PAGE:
Desvenlafaxine, a synthetic form of the major active metabolite of venlafaxine, is a new serotonin-noradrenaline reuptake inhibitor (SNRI) available for the treatment of major depressive disorder.
Major depressive disorder (MDD) is a significant and increasing cause of impairment and disability, impacting on the individual and his or her social interactions. In any given year, almost 800,000 adults in Australia will experience a depressive illness – the third most common cause of illness among women and the tenth most common cause among men. In 2003 to 2004, depression was the fourth most frequently managed problem by general practitioners in Australia.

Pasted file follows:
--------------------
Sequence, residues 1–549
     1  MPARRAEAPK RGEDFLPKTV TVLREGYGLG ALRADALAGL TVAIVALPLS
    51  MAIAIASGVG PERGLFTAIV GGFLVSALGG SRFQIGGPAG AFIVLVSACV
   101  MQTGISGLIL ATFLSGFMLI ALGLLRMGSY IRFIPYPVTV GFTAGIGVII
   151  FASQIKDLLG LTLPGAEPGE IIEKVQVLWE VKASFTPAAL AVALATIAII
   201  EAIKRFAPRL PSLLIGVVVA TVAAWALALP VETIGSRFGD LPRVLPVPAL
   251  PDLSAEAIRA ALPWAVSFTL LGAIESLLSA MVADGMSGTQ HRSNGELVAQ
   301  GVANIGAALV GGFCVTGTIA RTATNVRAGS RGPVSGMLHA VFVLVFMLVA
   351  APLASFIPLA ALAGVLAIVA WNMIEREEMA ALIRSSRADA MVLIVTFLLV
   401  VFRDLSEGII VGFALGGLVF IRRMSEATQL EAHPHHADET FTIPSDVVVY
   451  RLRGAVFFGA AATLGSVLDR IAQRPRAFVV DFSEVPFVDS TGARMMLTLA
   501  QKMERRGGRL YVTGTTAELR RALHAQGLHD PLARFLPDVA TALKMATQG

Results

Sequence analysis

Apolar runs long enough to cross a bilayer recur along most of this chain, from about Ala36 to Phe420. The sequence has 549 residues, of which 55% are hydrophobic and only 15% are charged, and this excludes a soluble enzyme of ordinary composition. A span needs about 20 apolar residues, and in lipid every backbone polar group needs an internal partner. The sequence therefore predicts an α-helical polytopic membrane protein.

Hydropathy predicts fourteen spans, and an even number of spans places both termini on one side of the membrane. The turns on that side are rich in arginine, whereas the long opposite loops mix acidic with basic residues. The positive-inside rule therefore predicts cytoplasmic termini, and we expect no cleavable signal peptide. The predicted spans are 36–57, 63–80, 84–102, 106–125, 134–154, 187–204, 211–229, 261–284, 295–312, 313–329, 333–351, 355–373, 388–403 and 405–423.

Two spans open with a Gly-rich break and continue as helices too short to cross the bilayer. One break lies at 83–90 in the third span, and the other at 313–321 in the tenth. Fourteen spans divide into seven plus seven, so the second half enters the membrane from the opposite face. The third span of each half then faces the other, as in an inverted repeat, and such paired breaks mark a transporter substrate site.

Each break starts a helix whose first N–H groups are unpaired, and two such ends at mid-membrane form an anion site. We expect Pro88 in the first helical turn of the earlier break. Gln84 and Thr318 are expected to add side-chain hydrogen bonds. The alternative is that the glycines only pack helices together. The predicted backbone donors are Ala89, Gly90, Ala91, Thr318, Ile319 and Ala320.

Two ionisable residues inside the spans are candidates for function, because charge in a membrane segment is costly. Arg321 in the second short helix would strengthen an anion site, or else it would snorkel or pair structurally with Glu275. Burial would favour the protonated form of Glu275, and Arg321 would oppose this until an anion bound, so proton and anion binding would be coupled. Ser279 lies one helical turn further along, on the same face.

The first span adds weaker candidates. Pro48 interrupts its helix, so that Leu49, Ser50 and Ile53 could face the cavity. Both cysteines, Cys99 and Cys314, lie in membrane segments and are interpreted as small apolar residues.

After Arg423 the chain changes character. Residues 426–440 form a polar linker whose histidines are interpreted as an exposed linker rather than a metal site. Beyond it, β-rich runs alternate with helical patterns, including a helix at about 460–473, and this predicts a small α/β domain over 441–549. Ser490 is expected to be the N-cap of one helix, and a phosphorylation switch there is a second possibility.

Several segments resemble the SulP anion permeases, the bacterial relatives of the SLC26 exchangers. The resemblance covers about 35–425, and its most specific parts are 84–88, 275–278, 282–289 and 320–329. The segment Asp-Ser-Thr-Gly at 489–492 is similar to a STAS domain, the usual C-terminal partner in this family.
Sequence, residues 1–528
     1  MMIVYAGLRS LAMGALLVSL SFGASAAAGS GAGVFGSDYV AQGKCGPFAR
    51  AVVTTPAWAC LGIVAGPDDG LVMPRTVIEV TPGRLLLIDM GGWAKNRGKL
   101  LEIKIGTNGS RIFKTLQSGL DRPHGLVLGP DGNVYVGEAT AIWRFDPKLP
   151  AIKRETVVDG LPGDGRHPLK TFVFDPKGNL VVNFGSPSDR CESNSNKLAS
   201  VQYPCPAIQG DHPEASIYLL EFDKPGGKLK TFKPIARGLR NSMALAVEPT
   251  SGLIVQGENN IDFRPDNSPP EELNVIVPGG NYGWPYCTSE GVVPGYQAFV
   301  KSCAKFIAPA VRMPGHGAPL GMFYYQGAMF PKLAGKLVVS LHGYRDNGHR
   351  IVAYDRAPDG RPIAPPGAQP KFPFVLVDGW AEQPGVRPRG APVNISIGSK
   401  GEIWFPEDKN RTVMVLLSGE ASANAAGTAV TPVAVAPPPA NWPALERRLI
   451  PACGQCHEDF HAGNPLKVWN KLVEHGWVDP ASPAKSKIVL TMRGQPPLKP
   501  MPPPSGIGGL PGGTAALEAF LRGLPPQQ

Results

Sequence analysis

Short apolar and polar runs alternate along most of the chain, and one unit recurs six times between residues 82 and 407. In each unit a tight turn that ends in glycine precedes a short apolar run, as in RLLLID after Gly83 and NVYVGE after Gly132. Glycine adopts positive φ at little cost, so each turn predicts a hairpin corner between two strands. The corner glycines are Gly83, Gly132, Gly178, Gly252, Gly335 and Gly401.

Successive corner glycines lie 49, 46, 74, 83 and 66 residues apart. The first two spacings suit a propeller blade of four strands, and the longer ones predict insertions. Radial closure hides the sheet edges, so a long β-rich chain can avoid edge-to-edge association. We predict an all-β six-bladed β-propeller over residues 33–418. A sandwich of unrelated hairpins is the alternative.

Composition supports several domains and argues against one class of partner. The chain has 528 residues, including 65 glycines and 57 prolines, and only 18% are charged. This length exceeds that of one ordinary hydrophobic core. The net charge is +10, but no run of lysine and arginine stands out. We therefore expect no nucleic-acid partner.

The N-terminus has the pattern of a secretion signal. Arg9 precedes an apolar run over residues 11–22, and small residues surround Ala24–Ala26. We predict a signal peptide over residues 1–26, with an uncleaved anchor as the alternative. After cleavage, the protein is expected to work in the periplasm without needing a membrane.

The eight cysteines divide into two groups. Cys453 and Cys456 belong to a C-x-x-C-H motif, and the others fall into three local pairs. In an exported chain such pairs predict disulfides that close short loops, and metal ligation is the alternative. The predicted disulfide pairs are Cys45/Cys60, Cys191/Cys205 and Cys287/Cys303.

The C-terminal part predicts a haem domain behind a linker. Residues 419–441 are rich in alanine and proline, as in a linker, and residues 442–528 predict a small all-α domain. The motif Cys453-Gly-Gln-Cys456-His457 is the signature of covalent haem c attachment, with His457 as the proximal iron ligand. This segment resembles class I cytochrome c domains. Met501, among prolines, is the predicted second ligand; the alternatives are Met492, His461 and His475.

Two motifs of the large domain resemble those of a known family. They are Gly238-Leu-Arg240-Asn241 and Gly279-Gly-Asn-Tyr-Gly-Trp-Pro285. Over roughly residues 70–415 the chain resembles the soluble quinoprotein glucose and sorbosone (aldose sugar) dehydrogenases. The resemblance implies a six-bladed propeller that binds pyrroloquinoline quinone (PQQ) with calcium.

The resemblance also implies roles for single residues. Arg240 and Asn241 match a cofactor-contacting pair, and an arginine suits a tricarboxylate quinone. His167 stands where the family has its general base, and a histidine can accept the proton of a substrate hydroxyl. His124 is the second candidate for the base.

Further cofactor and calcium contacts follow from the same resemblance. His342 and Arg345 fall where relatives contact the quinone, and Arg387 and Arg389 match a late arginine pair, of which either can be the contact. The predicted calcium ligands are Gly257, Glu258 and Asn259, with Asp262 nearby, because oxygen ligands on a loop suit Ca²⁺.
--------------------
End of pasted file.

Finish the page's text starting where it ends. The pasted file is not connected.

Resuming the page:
Despite improvements in treatment, depression remains an often chronic and recurring disorder with high rates of incomplete response to treatment. Beginning with the introduction of venlafaxine (Efexor-XR) in 1994, a new generation of antidepressants has emerged. These antidepressants have come to be classified as serotonin-noradrenaline reuptake inhibitors (SNRIs). Venlafaxine has been shown to be least as effective as selective serotonin reuptake inhibitors (SSRIs) in the treatment of depression, although some evidence suggests a moderate superiority in efficacy.